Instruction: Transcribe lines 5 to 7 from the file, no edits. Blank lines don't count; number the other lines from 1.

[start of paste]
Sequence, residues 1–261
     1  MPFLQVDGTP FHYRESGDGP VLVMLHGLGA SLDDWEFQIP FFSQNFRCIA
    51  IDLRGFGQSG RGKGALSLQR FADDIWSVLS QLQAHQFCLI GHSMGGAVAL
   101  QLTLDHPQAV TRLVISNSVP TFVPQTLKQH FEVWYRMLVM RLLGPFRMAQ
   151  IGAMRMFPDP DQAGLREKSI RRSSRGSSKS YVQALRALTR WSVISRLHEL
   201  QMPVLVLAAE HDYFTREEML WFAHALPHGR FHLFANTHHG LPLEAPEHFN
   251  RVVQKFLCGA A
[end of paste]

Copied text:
   151  IGAMRMFPDP DQAGLREKSI RRSSRGSSKS YVQALRALTR WSVISRLHEL
   201  QMPVLVLAAE HDYFTREEML WFAHALPHGR FHLFANTHHG LPLEAPEHFN
   251  RVVQKFLCGA A